Maybe you can chalk up the feeling to Bon Iver's first appearance in St. Louis since 2008; maybe this was the crowd's response to the new, self-titled album; maybe Justin Vernon is just soaring -- could this be the high point of his career? -- and people are aching to be in the slipstream.
On a night like this, the opener has to be solid, unquestionable, almost taken for granted -- and Kathleen Edwards roused the crowd just right. More than an opener, she wasn't merely setting the stage or the sonic immersion people just take for granted before the act they paid for -- Edwards played her songs intently, reining and releasing her voice flawlessly while her two sidemen added subtle guitar work and wind-through-wheat voices.
The crowd loved her, especially when Edwards introduced songs, singled audience members out, wrought her personableness in one of the biggest rooms, on one of the tallest stages in St. Louis. Despite the strength of her voice, her songs slipped too easily into the typical modern country/western mode of snow on trees, creaking cabin walls, desolation, loneliness. For its brisk clarity, Edward's voice began to sound generic within her redundant phrasing song after song (stretching the last syllables of lines into a higher harmony over the pulsing strum of guitar).
Watching and listening to her and the two guitarists was like experiencing the culmination, the vanishing point of this kind of music. Can it really go further or get better? They muddled their prairie sounds and steel and thrum together about as well as anyone I'd ever heard, but it wasn't exhilarating; it felt too familiar. The crowd's response was hugely generous though. Her last song got me though, a sensitive and outstanding cover of the Flaming Lips's "Feeling Yourself Disintegrate." Even if Edward's song-crafting doesn't really do it for me, she undeniably knows how to ring it out live.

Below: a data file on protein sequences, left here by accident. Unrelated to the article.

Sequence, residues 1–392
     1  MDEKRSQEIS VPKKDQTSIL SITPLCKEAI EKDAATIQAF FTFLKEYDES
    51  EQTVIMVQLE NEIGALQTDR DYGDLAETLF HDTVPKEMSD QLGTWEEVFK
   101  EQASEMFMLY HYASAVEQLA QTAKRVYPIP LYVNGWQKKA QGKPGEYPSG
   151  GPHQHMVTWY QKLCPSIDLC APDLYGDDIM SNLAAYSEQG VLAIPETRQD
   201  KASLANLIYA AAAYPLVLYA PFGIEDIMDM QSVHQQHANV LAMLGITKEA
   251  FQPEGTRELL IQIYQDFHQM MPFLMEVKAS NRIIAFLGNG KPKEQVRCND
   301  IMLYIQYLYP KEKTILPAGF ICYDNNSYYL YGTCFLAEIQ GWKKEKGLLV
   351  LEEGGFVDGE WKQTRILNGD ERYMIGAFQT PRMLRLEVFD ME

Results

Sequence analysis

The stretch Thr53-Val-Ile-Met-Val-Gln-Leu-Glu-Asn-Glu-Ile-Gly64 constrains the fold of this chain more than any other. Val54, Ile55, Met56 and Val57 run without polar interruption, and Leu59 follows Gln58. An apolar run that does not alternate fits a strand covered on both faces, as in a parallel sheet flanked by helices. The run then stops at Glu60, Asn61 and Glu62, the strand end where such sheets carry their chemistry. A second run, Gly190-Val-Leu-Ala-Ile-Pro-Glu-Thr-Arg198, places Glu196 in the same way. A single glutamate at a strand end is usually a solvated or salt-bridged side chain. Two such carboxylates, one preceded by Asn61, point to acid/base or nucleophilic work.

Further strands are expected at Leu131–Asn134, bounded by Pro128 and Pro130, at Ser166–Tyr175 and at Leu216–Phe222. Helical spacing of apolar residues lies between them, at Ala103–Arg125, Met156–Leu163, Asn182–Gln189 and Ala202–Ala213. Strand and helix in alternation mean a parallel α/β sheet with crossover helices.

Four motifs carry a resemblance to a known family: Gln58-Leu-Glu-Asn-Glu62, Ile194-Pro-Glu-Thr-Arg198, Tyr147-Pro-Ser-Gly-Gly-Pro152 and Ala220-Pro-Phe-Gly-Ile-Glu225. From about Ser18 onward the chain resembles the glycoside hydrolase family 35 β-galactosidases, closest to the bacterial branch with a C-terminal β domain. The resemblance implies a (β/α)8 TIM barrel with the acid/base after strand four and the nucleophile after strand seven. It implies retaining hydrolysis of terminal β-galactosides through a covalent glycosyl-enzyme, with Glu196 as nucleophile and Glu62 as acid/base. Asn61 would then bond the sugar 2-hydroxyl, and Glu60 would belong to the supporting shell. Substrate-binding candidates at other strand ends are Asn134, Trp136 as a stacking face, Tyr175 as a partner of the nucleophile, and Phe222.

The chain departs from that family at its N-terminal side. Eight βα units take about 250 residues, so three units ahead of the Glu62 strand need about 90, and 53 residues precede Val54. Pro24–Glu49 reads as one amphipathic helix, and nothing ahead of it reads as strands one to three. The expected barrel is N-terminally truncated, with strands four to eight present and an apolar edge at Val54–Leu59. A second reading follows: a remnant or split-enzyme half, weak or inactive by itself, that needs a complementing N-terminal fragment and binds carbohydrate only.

As Edwards and the guys left the stage, Bon Iver's arabesque of wire and hardware loomed behind. Two drum kits, a stand of miscellaneous percussive stuff, three synthesizers, a choir of guitars, mics everywhere, pedal boxes that looked like the guts of bombs, french horn, sax and the big, grotesque bass sax. It was hard to imagine how all these instruments could be played tastefully; the music could easily topple overboard.
It didn't. Nine guys walked onstage to one of the most welcoming applauses I've ever heard from a St. Louis crowd, and Vernon plucked out the first chords of "Perth," the opening song on his new record. The instrumentation seeped in slow, compounded like watercolors -- drums panning in a side-to-side echo, while organ bled beneath guitar, horns -- and then came the voices.
Vernon's voice is one of the most distinct you'll ever hear, not only for its textures, but also for his range with it, the particular harmonies he wedges it into or between. At least half of his band sang along with him, much of the time coaching their voices into emulations of Vernon's, only an octave apart.
The band reshaped old songs, like reforming fingerprints with myriad new sounds. And new songs were pushed even further than their recorded versions. In the tradition of great song-crafters like Van Morrison and the Band, who invigorated their songs live with new layers of sound, Bon Iver's set felt like an exploration of what pop music can do when pushed to its bounds or beyond them.
The manifold sounds, instruments fitted into places or producing sounds they conventionally should not, the lyrics obscured into a rhythmic vocal sound-haze -- Bon Iver's live set (and the whole "Bon Iver" record) borrows from musical sources disparate as Peter Gabriel, classical, country and soul, furthering the idea that pop is not merely about song, but how good the song can get. It's not a new revelation, but Justin Vernon is putting his own spin on what Dan Bejar is doing with Destroyer, on what Dylan has been doing for years.
What's amazing is that for how weirdly beautiful and intricate the music is, it retains an honesty which is based in Vernon's voice and presence. He rang out "Skinny Love" as the last song of the encore, his whole band acting as a choir of voices behind him. The crowd sang along and seemed almost bloodthirsty. Vernon had a dazed expression during this encore set. He has said that he is just extremely grateful and surprised that people get it. Perhaps that is what made the set great and what makes him a great artist -- the art of being surprised.